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Up front, I have to admit that Iíve never seen the original GONE IN 60 SECONDS, nor its big budget remake. The original GONE IN 60 SECONDS was the brainchild of H.B. Halicki, who wrote, produced, directed, starred and choreographed the stunts in that film. Halicki was an unusual man, who was successful in the auto business and then real estate, before turning his attention to the movies. 1974ís GONE IN 60 SECONDS was one of the most successful independent movies of its time and from what I understand, has gathered quite a cult following.

The new $19.95 DVD release featuring DEADLINE AUTO THEFT and the unfinished GONE IN 60 SECONDS: 2 would seem to be a tribute to the late H.B. Halicki, who was killed in an accident on the set of his uncompleted film. In addition, the DVD also contains a forty-five minute biography, The Life and Times of H.B. Toby Halicki, hosted by his widow Denise, which feature interviews with friends and members of his crew. DEADLINE AUTO THEFT is actually a fun little low budget action flick that is shy on plot, but makes up for it in slam bang car chases and crashes. The premise follows a master car thief played by Halicki, who is ripping off cars and making fools of the cops- lead by an amusingly exasperated Hoyt Axton. The existing footage from GONE IN 60 SECONDS: 2 finds the master thief up to his old tricks, only this time, he gets his hands on a car called "The Slicer" whose unique design makes it unstoppable and capable of flipping and crashing everything in its path.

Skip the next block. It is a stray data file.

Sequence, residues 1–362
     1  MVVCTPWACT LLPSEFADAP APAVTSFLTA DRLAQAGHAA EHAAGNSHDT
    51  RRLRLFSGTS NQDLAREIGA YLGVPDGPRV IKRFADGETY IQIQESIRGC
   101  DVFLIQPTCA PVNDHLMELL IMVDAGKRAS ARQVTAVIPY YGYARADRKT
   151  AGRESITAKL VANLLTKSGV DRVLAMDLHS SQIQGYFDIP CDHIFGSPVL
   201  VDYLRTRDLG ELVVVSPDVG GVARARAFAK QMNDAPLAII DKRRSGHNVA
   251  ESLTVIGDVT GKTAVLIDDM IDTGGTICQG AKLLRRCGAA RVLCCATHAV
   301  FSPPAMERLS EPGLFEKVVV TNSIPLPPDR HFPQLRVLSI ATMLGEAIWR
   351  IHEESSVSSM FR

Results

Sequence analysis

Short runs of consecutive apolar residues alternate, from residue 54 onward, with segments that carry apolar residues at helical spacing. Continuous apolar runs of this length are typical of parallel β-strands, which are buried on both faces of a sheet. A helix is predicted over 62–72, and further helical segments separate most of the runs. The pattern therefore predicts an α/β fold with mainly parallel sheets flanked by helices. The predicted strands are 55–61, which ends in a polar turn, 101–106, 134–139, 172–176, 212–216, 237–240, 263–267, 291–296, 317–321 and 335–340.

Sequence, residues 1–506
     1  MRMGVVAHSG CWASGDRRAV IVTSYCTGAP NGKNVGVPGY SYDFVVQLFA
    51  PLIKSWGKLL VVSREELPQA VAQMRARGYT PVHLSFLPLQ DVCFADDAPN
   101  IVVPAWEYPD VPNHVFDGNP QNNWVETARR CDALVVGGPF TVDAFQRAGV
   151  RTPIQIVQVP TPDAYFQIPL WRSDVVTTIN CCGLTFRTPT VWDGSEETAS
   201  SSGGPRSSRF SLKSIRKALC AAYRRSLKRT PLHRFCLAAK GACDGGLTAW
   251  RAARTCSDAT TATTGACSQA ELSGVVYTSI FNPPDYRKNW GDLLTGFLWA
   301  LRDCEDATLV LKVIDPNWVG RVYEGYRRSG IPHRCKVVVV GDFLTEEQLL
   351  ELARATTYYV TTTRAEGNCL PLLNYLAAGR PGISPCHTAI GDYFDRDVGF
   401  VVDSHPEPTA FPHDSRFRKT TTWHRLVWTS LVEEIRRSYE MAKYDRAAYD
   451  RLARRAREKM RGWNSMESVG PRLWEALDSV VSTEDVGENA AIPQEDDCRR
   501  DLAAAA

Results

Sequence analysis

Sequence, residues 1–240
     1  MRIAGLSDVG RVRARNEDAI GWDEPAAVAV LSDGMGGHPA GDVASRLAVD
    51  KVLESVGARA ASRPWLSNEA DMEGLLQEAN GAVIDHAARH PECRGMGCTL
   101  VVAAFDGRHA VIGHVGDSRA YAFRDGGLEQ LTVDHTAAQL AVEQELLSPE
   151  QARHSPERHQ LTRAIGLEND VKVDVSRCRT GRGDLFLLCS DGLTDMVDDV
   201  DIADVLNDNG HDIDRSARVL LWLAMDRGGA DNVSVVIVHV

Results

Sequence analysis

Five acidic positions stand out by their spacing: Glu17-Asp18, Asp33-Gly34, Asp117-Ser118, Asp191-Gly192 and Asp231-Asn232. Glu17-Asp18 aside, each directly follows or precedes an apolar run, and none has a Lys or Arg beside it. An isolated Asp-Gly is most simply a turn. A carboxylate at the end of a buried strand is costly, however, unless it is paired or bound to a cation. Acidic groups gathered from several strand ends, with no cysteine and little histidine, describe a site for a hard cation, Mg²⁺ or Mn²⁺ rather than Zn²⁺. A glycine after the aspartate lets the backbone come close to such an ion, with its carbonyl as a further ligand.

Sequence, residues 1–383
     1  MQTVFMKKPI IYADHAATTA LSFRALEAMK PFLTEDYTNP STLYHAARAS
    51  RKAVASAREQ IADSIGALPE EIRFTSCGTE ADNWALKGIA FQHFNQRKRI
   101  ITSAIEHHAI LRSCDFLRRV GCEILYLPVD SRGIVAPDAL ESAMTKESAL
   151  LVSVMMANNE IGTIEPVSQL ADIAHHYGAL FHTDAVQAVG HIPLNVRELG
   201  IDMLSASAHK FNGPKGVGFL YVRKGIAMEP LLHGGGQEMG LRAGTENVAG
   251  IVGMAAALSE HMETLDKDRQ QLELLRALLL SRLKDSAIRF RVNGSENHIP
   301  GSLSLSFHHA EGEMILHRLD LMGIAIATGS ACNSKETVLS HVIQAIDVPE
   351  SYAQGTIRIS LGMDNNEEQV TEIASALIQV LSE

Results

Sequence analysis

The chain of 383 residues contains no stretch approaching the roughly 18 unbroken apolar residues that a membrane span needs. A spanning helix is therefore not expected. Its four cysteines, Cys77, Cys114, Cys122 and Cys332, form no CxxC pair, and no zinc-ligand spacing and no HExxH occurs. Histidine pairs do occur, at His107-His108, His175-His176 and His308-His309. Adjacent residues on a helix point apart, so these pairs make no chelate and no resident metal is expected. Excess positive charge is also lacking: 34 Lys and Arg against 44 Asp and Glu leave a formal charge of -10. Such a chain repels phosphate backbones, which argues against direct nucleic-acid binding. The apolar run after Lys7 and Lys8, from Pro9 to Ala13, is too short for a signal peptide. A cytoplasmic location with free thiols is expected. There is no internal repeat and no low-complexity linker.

DEADLINE AUTO THEFT comes in a 1.78:1 presentation that has been enhanced for 16:9 displays, while the assembled footage from GONE IN 60 SECONDS: 2 is in a 1.33:1 open matte presentation. Considering the low budget origins, both programs look good. The image is pretty sharp and has respectable definition. Both have the appearance of cheaper film stocks, which donít always reproduce the most flattering or appealing colors. Colors themselves are rendered at a fairly natural level of saturation and without significant flaws. The film elements themselves have some minor imperfections, but are in pretty good shape.

Dolby Digital and DTS 5.1 channel tracks are offered along with a Dolby Surround soundtrack. Considering age and the low budget origins, these tracks are pretty good for what they are. Fidelity is decent, and there is some directionality, but the tracks arenít particularly enveloping. Still, the music manages to hold up pretty well. The animated interactive menus provide the standard scene selection and set up features, as well as access to the individual programs, the above-mentioned documentary, theatrical trailers and a cool crash counter feature for each film. Each film also includes a new introduction by Denise Halicki.

If you are a fan of movie car chases and crashes, then you should definitely check out DEADLINE AUTO THEFT / GONE IN 60 SECONDS: 2 on DVD.



Deadline Auto Theft / Gone in 60 Seconds:2 (1983)


DVD reviews are Copyright © 2003 THE CINEMA LASER and may not be copied or reprinted without the written consent of the publisher.
THE CINEMA LASER is written, edited and published by Derek M. Germano.



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